Province introduces Special Vaccine Leave

A nurse draws a dose from a vaccine vial in Prince Albert. Photo courtesy SHA.

On Thursday the province announced that they have amended The Occupational Health and Safety Regulations, 2020 to allow for paid time off from work for an employee to get vaccinated for COVID-19 and are effective immediately. Special Vaccination Leave is similar to provisions allowing residents to vote during a general election.

The new section 6-22.1, Special Vaccination Leave, establishes that during the pandemic Workers are entitled to three consecutive hours leave during work hours to receive a COVID-19 vaccination, Workers are entitled to more than three consecutive hours if the employer determines the circumstances warrant a longer break from work. Workers do not lose any pay or other benefits while receiving a COVID-19 vaccination.

“We want to ensure that everyone in the province gets vaccinated,” Labour Relations and Workplace Safety Minister Don Morgan said in a release.

“The amendment today ensures workers also have paid time off during the work hours to receive the COVID-19 vaccine.”

“We are encouraging everyone to book their first available appointment just as soon as your age group opens up,” Health Minister Paul Merriman said during a press conference Thursday.

“Sometimes that appointment will be during the work week that’s why our government just enacted new regulations giving every employee up to three hours paid leave from work to receive their COVID-19 shot. Every employee who gets vaccinated makes every workplace just a little bit safer. So this is one more way to insure that everyone has the chance to get their shot as quick as possible,”

Health Minister Paul Merriman said during a press conference on Thursday.

The Saskatchewan Federation of Labour (SFL) explained in a release that this announcement highlights the importance of workers being healthy and the need for paid sick leave for all workers.

“Having paid time off to be able to get vaccinated is a small victory for workers, and is something that the SFL and our affiliate unions have been pushing for,” SFL President Lori Johb said in a release.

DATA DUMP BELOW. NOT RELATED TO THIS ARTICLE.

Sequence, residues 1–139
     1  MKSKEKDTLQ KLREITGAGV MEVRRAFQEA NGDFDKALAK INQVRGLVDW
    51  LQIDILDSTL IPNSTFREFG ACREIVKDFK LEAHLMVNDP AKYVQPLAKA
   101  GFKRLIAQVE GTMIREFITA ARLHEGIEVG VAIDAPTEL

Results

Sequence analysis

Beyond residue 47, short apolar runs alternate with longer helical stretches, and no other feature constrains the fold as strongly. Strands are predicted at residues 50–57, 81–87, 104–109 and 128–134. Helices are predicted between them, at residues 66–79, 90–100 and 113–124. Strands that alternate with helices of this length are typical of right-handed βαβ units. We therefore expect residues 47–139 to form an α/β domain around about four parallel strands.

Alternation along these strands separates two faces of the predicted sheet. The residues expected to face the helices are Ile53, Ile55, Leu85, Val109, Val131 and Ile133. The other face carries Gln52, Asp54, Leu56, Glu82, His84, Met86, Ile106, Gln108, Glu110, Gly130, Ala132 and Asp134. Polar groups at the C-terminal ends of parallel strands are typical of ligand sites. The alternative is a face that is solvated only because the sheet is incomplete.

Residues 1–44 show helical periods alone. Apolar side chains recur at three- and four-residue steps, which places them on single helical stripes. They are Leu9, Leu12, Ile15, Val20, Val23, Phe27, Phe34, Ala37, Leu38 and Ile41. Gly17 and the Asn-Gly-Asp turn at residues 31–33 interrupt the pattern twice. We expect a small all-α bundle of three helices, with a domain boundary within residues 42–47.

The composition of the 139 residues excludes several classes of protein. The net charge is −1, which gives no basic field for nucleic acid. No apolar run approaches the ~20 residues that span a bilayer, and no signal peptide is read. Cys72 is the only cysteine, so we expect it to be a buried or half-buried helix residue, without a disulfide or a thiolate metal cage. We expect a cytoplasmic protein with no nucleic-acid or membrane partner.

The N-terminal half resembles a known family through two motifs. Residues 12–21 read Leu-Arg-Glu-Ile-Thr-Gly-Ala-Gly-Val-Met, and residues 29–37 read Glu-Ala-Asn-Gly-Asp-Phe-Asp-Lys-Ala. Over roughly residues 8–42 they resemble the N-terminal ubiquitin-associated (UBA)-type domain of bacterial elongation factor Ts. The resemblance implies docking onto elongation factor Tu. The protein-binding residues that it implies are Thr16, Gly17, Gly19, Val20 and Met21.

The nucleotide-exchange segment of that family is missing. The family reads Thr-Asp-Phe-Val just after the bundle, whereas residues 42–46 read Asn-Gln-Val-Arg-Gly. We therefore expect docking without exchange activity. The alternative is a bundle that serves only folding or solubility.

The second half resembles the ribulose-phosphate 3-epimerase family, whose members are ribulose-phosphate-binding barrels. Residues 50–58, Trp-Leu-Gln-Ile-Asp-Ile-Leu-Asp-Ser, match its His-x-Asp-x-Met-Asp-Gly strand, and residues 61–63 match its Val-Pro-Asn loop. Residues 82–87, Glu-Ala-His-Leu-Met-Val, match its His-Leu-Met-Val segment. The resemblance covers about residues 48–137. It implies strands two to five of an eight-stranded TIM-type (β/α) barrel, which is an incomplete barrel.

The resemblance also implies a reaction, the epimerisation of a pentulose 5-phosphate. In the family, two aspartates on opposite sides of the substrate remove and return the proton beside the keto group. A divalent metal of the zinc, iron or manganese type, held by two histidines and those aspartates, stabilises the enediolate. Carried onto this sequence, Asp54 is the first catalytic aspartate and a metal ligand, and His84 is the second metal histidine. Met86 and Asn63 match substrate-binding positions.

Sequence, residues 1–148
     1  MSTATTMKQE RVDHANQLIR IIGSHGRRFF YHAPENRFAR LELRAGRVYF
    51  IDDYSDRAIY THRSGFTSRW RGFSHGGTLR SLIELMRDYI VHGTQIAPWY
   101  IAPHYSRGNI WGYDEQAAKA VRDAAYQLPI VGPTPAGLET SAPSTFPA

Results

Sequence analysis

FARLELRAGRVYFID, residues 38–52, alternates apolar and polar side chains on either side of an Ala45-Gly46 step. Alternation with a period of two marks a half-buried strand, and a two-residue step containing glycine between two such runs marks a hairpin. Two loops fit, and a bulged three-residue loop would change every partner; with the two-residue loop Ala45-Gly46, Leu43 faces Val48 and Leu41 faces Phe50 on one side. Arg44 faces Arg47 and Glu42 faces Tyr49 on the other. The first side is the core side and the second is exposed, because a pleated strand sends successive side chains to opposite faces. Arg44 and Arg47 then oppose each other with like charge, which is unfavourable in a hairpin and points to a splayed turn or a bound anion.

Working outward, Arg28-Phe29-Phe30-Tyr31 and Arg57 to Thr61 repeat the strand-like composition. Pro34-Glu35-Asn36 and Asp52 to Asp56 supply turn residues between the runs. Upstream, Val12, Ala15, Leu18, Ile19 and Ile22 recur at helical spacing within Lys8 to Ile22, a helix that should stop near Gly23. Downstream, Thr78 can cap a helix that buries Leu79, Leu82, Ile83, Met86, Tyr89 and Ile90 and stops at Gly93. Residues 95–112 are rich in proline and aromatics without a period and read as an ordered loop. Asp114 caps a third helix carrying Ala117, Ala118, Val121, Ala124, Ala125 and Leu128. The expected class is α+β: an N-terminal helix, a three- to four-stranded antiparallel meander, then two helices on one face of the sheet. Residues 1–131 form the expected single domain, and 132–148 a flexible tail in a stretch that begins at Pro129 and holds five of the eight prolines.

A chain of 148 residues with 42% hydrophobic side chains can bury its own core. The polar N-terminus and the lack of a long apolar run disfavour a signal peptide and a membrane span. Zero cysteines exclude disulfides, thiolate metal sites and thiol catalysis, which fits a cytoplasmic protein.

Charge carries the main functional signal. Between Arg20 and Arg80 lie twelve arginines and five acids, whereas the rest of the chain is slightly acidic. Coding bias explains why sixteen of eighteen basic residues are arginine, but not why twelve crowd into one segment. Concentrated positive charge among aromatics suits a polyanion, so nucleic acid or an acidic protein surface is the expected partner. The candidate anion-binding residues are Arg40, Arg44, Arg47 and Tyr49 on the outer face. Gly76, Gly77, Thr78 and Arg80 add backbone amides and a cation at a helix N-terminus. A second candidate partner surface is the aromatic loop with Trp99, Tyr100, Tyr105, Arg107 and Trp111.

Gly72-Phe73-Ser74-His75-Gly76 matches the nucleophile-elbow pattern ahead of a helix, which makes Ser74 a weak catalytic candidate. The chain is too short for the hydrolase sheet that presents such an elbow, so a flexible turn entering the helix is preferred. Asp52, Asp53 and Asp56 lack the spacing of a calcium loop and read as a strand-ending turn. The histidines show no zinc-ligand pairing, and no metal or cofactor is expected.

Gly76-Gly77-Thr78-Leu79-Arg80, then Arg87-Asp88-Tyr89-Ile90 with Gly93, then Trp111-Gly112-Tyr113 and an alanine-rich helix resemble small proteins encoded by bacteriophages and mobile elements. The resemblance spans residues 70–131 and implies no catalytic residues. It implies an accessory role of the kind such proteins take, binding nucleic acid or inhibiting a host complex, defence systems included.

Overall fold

“Workers shouldn’t have to make the choice to either take unpaid time off work or receive a life-saving vaccination.” Johb said that while the government’s decision to provide paid time off for workers to get vaccinated will make workplaces safer in the long run, more needs to be done immediately to prevent workplace outbreaks. Recent numbers from the Saskatchewan Health Authority show that 40 per cent of all COVID-19 outbreaks in the province have occurred in workplaces.

“The reality is that many workers will still have to wait a few months to get their vaccine, and in the meantime they are continuing to put themselves at risk of contracting COVID-19 when they go to work,” Johb said.

“Too many workers continue to go to work sick because they can’t afford to miss their shift. The government needs to take action immediately to ensure permanent, paid sick leave for all workers in Saskatchewan now. We can’t afford to wait any longer.”

NDP Education Critic explained during a morning media availability that the opposition had just received the information but overall the idea was positive at first blush.

“I mean it’s a concern, it’s being able to take some time to go get your shot, I think on surface that’s good. Lineups have been longer than three hours recently but I think that is a move in the right direction but I’m going to have further look at the details to see if there is anything further we will have to say on that,” Beck said.

The new regulation comes into force on March 18.